How to reduce my carbon footprint?

Dr. Manasi Mahabal-Sardesai

It is an extremely challenging task to reduce and control the emissions of toxic and harmful gases in the atmosphere once they are released. Unfortunately, the greenhouse gas emissions are rapidly increasing day by day by human activities involving control of temperature and humidity (air-conditioning) for various developmental and comfort needs. In fact significant amount of reported research work has pointed out the increasing use of air conditioning technologies in common places as the cause of the climate change. A recent publication in the journal Joule (referenced below) by researchers of National Renewable Energy Laboratory (NREL) and XEROX PARC has addressed this issue.

Humidity in air can make people feel uncomfortable and attempts are made to control it. Humidity control is also essential is many industrial manufacturing establishments because it has negative implications on several chemicals and reactions. Unfortunately, as shown by the stated group of researchers, all attempts to control humidity led to nearly half of energy related emissions. Due to this, the world is warming very fast than at any point in the recorded history. If it continues this way, it will have devastating impact on the planet, causing flooded homes along the coast as well as wildfires, hurricanes, and droughts. But human beings have the ability to avoid worst of these effects. To do it, we must make all attempts to limit the increase in temperature to an average of 1.5°C above pre-industrial level and possibly try to bring it down by further sustained efforts. Ensuring a safe future below the 1.5°C mark requires the world to cut down 30 giga-tonnes of greenhouse gas emissions annually by 2030. Managing and controlling transport and industry related issues alone is not enough. We need to cut carbon emissions by managing our land and resources far more efficiently, including building smart cities and curbing deforestation and food waste.

So how can humankind get there? Smart and responsible management of six sectors have been identified as having the potential to reduce emissions enough to keep the world temperature below the 1.5°C mark. These are: 1) Industry, 2) Energy, 3) Agriculture, Food, and Waste, 4) Transport, 5) Nature-based solutions, and 6) Managements of Buildings and Cities. Energy production and use is the single biggest contributor to global warming, accounting for roughly two-thirds of human-induced greenhouse gas emissions. It includes carbon dioxide, the gas most commonly emitted by humans, and others, including methane, nitrous oxide, and fluorinated gases, which trap heat in the atmosphere, causing global warming. Usually, the bulk of an individual’s carbon footprint will come from transportation, housing, and food processing. Carbon footprint means the total amount of greenhouse gas emissions that come from the production, use and end-of-life of a product or service.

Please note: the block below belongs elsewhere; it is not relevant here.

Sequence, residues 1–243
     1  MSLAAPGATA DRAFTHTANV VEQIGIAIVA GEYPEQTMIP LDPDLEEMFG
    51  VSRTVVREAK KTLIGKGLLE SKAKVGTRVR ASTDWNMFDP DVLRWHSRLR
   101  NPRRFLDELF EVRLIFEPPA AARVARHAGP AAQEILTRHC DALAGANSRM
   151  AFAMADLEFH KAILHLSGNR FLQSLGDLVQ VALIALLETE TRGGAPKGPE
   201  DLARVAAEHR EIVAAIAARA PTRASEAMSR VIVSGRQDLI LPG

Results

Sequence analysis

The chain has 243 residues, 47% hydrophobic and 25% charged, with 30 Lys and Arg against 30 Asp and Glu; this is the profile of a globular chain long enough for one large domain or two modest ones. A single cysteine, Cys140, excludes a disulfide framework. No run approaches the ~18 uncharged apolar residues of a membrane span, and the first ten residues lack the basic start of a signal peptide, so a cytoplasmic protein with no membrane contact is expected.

You can start the process by calculating your carbon footprint here. (  

You will need to know the following:

  • Approximately how many miles you travel by car, bus, train and plane.
  • The energy usage in your home.
  • How much you spend on shopping.
  • The composition of your diet.

No matter how you scored, here are some things that could help you lessen your personal environmental impact. The world will need to pick up the pace, and put greater efforts in finding better solutions to pollution, climate change, and biodiversity loss in order to truly transform societies and economies for a better tomorrow.

Sources : Scientists Show Controlling Humidity Has Big Impact of on Greenhouse Gas Emissions, ,

4 thoughts on “How to reduce my carbon footprint?”

  1. Dr Pratibha R Nikam

    Nice try to insist peoples to think over the Carbon, carbon emission and it’s bad impacts. Such a articles really needed to read and to implement. My very sincere and best wishes to Author Dr Mansi for her initiative.

  2. A new approach by linking reduction is Relative Humidity at the workplace as a reason for energy consumption. Most of the cities are in coastal areas with high humidity in tropical countries. Well documented thoughts.

Leave a Comment

Your email address will not be published. Required fields are marked *

Dr. Raghunath Mashelkar

Dr. Mashelkar is only the third Indian engineer to have been elected (1998) as Fellow of Royal Society (FRS), London in the twentieth century. He was elected Foreign Associate of US National Academy of Science (2005) and also National Academy of Engineering (2003), Associate Foreign Member, American Academy of Arts & Sciences (2011), Fellow of Royal Academy of Engineering, U.K. (1996), Foreign Fellow of Australian Technological Science and Engineering Academy (2008), Corresponding Member of Australian Academy of Sciences (2017), Fellow of World Academy of Arts & Science, USA (2000), Fellow of US National Academy of Inventors (2017), the first ever Indian from India to be elected and TWAS-Lenovo Science Prize (2018), which is the highest science award of The World Academy of Science.